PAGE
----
Building and borrowing costs squeezing commercial property investment and land sales – report

This year set to be one of the weakest on record, according to Sherry FitzGerald

Investment in commercial property and development land in the Republic has fallen sharply this year with 2023 expected to be one of the weakest years on record in both markets, according to Sherry FitzGerald.

In a report published on Monday, the property agent said the sharp rise in interest rates to 22-year highs since last summer had hindered activity in both markets.

Rampant inflation in the price of wholesale construction materials, meanwhile, has “compounded” the difficulties, said Jean Behan, senior economist at Sherry Fitzgerald Research, “affecting the feasibility of developments and dampening forward fund and forward commit structured investments”.

In the three months to the end of September, investment in Irish commercial property totalled €430 million, up 25 per cent quarter-on-quarter, but well below the long-term third-quarter average of €788 million.


Investment in development land was more or less unchanged from the second quarter of the year (€82 million) but still well below average, according to the report.

Overall, commercial investment turnover has reached €1.4 billion so far this year, a 64 per cent decline from the first nine months of last year while the value of land sold has fallen by about half to €226 million.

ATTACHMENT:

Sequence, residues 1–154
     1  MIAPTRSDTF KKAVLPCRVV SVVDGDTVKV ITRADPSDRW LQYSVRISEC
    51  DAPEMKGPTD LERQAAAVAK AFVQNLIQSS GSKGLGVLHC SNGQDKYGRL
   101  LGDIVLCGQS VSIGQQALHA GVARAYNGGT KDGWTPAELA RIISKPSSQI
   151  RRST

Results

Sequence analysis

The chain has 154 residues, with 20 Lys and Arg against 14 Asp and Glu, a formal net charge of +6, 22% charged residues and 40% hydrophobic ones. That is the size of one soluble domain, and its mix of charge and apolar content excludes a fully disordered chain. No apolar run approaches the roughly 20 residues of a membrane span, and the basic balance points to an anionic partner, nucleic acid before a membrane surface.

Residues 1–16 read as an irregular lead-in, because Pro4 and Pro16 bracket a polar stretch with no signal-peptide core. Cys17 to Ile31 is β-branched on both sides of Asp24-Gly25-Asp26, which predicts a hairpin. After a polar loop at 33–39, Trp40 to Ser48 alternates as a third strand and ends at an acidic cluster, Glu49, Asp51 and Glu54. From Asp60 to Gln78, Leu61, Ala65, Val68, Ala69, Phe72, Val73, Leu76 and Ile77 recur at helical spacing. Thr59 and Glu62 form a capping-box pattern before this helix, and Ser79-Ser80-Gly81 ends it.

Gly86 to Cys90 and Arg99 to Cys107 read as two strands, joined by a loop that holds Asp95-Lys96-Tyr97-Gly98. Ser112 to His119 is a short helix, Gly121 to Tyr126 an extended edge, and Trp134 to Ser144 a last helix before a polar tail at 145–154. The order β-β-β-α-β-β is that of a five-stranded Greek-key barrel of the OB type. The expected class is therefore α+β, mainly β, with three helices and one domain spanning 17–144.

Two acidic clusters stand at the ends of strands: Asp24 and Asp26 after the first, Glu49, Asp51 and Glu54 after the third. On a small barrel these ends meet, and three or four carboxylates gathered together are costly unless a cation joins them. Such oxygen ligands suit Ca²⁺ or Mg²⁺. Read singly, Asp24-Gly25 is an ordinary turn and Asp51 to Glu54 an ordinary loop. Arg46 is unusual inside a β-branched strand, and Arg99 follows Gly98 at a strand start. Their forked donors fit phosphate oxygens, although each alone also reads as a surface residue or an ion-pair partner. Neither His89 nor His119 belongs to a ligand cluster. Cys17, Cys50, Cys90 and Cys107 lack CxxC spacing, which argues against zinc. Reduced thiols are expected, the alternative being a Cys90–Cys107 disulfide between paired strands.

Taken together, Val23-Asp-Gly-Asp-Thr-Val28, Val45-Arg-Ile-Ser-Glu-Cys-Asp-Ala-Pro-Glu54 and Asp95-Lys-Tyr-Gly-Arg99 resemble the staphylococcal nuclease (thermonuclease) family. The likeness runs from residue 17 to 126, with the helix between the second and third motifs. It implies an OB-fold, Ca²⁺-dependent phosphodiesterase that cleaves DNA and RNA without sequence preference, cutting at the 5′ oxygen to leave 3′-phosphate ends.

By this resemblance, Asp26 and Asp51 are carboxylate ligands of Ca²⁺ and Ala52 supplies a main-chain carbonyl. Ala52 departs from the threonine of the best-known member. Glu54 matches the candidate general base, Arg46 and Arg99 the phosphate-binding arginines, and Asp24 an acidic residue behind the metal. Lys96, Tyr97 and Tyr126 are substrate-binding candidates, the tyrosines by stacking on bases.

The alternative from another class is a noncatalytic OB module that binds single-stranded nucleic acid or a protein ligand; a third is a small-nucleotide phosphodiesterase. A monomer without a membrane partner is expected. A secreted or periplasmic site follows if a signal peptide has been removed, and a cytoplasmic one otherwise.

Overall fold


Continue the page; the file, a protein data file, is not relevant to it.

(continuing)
Transaction volumes, meanwhile, are down by just over a third in both markets with 57 development land sales and 91 investment sales, suggesting “that 2023 looks set to be one of the weakest years on record in both markets”.

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However, there remains “strong interest for sites” with residential development potential, according to the report, reflecting the overall housing shortage. “Looking forward, there is a general positive outlook in the development land market,” said Brian Carey, commercial director of Sherry FitzGerald. “The pool of purchasers is still quite strong.”

In the investment market, the office sector was “the key driver of investor activity” in the third quarter, accounting for 38 per cent of the market’s total capital spend for the period. Retail assets also remain attractive, the report’s authors noted.

Ross Harris, director of commercial and residential investment at the property agent, said the flight to quality remains a feature of investor demand with buyers keen to refurbish or upgrade older stock.

“Meeting ESG [environmental, social and governance] objectives remains a key component of investment decisions with both investors and occupiers focused on energy efficiency and reducing their carbon footprint,” he said. “This will continue to underpin demand going forward, buoyed by the increased availability of green loans offering favourable terms.”

Ian Curran

Ian Curran

Ian Curran is a Business reporter with The Irish Times